Congress passed the Cash for Clunkers program in order to increase automobile employment and save jobs. As Michigan Sen. Debbie Stabenow – a key supporter of the law – put it, “This is a jobs program first.” Cash for Clunkers has done many things. It has given hundreds of thousands of Americans vouchers worth between $3,500 and $4,500. It has encouraged many Americans to trade in old cars now instead of waiting a few years. It has destroyed valuable used cars that dealers would have resold to low-income Americans. It has added $3 billion to the national debt. But the new jobs report shows that Cash for Clunkers has not done the one thing Congress intended it to do: create jobs.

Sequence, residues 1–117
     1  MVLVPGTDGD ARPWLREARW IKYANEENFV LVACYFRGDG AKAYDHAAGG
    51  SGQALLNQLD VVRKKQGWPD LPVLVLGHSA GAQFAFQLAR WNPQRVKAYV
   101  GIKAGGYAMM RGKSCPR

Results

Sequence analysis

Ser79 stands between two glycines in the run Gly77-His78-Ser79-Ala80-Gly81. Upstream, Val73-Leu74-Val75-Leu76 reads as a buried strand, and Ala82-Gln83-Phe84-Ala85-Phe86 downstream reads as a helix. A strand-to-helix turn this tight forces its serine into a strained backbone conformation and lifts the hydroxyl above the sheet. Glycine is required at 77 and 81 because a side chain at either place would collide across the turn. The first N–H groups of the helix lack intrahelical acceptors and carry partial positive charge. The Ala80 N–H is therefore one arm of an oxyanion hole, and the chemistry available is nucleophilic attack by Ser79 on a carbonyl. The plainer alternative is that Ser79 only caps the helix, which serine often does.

The employment report shows that – despite the Cash for Clunkers craze, and the $2 billion Congress added to the program at the end of July – motor vehicles and parts manufactures shed 15,000 jobs in August. That erased half of the jobs gained in July and continued the yearlong downward trend. The Commerce Department separately reported that spending on automobiles increased between June and July when Cash for Clunkers kicked in. However, while spending on cars went up, spending on other goods and services fell. Handing out taxpayer dollars is popular, but that does not make it good – or effective – policy.